Norway in 1824 (from 1814 to 1905 Norway formed part of union with Sweden). Beaver was released into the main stream of Danube and its tributaries Inn and Isar. In the same year (1976). Newly established population showed very viable. Russia.Manual of beaver management within the Danube river basin * Population within the Danube River basin. Following the succesful restitution of beaver in North America. Beaver restitution continued in 1976. when in Austria. For example. beavers were initially reared on farms. In 2011. migrated from Hessia into northern Bavaria. in Litovelské Pomoraví (middle Moravia). 22 beavers were released. Released beavers expanded naturally by the river network. 2004 2000. first restitution into the Danube basin in 1966 was motivated mainly by environmental benefits. including 15 specimen of C. Subsequent problems with the protection of ponds against beaver activities and absence of species protection has led to their re-eradication. albicus. albicus persisted 200 persisted in1950 (HEIDEKE & HORIG 1986). Tab. 60 km from the release site in Eckertsau. In 70th years. they reached the Danube delta at Szigetköz. 5 . in Bohemia. and since 1981 they expand northerly to the Czech republic territory (ŠAFÁŘ 2002). century. relict population of C. In the early nineties. 2002 2001. within the Morava river basin (tributary Malina (III. originating from Poland and Lithuania (KOSTKAN 1998).f. 2005 2005 2006 Individuals released 53 24 10 20 15 64 3 8 Around 200 specimens of C. Because Germany was divided by the iron curtain at that time. personal communication). Domoszló Mártélyi TK 2 Date of release 1996-1998. canadensis (KOLLAR 1992). Released individuals originated from Russia and Poland (WEINZIERL 1973). A major change of attitude towards beaver occurs after pushing out the last few population residues beyond the human reach. first beaver was recorded in Slovak territory.3. No. In the eighties. Germany in 1910. several attempts on their return to the nature were recorded in different parts of Europe. 120 individuals were released until 1982. easterly from Vienna a total of 42 individuals were released until 1988. motivated by economic benefits. fiber albicus2 from Elbe river was not accessible to become a source of genetic material (other reason was low population size). France and Scandinavia (SCHWAB 2012. beaver naturally extended further into the river system of Austria (Salzach and Inn). during the second half of XIX. Czech republic and Baden-Württemberg. f. beavers originating from the East German population of C. 2002 2003 2002 2004. After the eradication of beavers. estimated size of population was 14 000 individuals and it was also used as a source for the renewal of beaver population in other countries on the lower stretches of the Danube. pouring into the Morava river). order tributary). the Baltic States and Scandinavia. then discharged into the fish-pond area Třeboň.: Overview of beavers introductions in Hungary (WWF Hungary) Locality Gemenc és Karapancsa Hanság Felsô-Tisza Tiszaladány-Tiszadob Kesznyéteni TK Közép-Tiszai TK Mátra. Between 1991 and 1996.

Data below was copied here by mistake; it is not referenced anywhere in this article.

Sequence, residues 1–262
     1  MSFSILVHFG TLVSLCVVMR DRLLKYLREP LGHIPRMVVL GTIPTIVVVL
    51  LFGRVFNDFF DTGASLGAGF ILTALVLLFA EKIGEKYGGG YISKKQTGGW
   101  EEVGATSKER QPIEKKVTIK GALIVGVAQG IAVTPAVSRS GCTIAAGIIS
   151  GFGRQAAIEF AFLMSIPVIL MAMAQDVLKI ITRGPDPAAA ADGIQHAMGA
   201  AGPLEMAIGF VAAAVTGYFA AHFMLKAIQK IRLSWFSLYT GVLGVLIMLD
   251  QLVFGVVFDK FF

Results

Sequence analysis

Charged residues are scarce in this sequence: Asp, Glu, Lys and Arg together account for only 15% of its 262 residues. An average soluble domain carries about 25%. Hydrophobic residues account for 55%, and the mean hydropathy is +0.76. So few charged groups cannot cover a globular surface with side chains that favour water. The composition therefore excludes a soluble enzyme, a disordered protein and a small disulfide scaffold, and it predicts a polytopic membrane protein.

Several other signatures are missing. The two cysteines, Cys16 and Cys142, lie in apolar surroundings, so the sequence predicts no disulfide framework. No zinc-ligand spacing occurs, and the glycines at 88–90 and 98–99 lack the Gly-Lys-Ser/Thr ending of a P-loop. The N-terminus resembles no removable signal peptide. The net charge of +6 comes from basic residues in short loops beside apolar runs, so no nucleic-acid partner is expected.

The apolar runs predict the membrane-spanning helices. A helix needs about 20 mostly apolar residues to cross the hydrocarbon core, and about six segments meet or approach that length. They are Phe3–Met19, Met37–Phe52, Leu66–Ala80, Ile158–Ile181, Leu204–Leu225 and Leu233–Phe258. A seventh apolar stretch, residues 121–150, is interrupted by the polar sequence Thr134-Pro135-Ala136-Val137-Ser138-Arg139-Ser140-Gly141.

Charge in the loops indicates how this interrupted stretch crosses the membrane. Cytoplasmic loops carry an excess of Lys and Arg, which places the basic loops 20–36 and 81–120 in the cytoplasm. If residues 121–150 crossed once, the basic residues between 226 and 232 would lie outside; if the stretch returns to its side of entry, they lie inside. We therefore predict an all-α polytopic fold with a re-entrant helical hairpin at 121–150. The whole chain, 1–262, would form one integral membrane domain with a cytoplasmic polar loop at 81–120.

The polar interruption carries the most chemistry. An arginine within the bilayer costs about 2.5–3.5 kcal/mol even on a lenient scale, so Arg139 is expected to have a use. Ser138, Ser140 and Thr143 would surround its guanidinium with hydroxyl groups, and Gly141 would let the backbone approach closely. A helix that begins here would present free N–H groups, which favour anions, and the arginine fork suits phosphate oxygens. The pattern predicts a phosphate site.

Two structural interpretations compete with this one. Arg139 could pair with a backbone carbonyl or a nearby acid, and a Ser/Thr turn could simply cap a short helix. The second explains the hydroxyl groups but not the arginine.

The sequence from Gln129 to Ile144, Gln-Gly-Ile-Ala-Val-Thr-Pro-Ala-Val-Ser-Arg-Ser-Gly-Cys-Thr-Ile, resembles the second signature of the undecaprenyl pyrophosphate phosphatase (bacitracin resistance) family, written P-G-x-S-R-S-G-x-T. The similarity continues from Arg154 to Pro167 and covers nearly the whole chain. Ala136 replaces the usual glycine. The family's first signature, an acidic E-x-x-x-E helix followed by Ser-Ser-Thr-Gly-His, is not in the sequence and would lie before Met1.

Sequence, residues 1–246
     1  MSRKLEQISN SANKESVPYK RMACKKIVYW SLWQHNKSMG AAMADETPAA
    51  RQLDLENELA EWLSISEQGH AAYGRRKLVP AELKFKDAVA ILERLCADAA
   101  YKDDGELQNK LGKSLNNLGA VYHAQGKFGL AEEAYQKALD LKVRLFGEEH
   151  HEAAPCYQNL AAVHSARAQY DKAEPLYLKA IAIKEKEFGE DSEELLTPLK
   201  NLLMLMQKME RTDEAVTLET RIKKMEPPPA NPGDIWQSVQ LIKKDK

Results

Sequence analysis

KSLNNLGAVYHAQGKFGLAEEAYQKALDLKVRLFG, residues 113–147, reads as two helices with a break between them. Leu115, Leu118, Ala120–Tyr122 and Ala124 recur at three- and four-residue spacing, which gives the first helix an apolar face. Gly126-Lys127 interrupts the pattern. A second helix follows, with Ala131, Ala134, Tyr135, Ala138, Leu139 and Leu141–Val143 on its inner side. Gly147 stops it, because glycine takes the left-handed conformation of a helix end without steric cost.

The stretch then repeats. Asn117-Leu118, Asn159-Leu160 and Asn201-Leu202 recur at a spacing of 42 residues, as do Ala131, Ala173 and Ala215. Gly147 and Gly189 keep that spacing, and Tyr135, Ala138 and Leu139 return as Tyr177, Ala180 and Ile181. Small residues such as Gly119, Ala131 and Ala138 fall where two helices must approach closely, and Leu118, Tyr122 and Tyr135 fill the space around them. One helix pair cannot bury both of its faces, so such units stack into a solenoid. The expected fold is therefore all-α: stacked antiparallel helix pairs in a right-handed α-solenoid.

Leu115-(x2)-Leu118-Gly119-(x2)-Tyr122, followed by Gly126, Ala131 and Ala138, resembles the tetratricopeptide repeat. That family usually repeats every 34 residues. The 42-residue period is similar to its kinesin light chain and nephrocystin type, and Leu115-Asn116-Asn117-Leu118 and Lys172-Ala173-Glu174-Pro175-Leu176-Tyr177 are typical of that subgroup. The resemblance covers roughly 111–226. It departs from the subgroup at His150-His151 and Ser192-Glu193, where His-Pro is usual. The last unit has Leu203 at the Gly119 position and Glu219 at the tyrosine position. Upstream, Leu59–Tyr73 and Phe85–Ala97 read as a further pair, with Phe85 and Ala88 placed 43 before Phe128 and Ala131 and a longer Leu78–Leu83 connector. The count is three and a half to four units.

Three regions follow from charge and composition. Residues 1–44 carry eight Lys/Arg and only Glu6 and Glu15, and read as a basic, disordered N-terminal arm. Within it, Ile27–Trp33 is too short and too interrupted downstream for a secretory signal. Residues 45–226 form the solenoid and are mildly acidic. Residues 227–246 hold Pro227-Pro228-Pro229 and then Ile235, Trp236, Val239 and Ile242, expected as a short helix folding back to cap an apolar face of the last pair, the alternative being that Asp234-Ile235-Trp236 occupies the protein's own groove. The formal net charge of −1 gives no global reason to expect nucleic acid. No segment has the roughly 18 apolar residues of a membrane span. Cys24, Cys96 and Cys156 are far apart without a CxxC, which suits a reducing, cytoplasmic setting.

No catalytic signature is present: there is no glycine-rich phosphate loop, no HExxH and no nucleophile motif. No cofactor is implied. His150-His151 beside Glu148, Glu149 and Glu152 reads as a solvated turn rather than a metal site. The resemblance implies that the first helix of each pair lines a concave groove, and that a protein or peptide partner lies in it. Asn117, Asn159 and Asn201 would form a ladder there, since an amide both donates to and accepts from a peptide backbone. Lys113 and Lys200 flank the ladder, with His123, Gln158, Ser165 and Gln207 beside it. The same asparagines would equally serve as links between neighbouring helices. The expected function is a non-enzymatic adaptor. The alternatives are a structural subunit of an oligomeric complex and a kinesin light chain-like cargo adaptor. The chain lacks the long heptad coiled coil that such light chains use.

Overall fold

Ondava. 2006). nortern Poland. 29 beavers were released at the confluence of the Drava and Mura rivers in Croatia. Populations of subspecies thus can be hardly determined. Topľa). none of the animals trapped for 6 . But the estimated aggregate amount of 15 000 beavers is still to be regarded only as the initial number. Váh. In 2002. near the common border with Slovenia and Hungary. one adult pair from Lithuania were introduced to Litovelské Pomoraví (Czech republic) (KOSTKAN 1998). the beaver population now reaches at least 100 times the number released. a new population was established in western Romania on Mures river. Pilleri) – Canadian beavers In 1991-1992. Laborec. allochthonous Canadian beaver was also introduced into the Danube river basin (Until now.. 2nd march 2005 and 2nd april 2005) Two groups. In 2004. At the same time. beavers are experiencing a renaissance. each of 20 individuals were released from december 2004 to april 2005 in the second locality. in march 1999. another population was initiated on Ialomita river in eastern Romania. Originating from the first 120 Bavarian individuals (and the ones released in Austria). Beavers released in Austria. No. northern Serbia. From the autumn 1998 to the autumn 2001. beaver originating from the group released in Gemencs. Beavers originating from Poland penetrate gradually towards the main channels of the rivers of East and Northern Slovakia (Orava. by introduction of 57 specimens. 35 beavers settled in Zasavica (released on 31th april 2004. 164 beavers in total were released in Romania. Polish and French genetic material. Hungary was shot. in wider central section of the river Olt. In the autumn of 2003. in Serbia. personal communication). 2006). Another 56 individuals were released on two sections of the Sava River and its tributary Cesme near Zagreb (GRUBEŠIĆ et al. In Vojvodina. beavers originating from the release on the Croatian part of the river Drava. 20 individuals from Suwalki region.Due to the inconsistency of restitutions. by introducing 34 specimens from Bavaria (IONESCU et al. Population established in Bavaria originated from Russian. 4. populations of very different origin were established within the Danube river basin. penetrate to the river Kerk in southwestern Hungary near Lake Balaton. easterly from Vienna. taking into the account the size of the Danube River Basin (801. Currently. and in 1996. had the following origin (LUTSCHINGER 1988): Tab. Obedska Bara (CIROVIČ 2012.. between 1976 and 1988.Manual of beaver management within the Danube river basin During the three-year program (1996 – 1998). easterly from Vienna (LUTSCHINGER 1988) Taxon Private breeding* Castor fiber fiber Castor fiber vistulanus Polish Castor fiber vistulanus Castor Canadensis Total Number 7 8 4 13 7 39 * probably originating from Switzerland (prof.500 km2) As a result of restitutions mentioned. beavers were released in two sites at the old Sava river system.: Beavers released in Austria.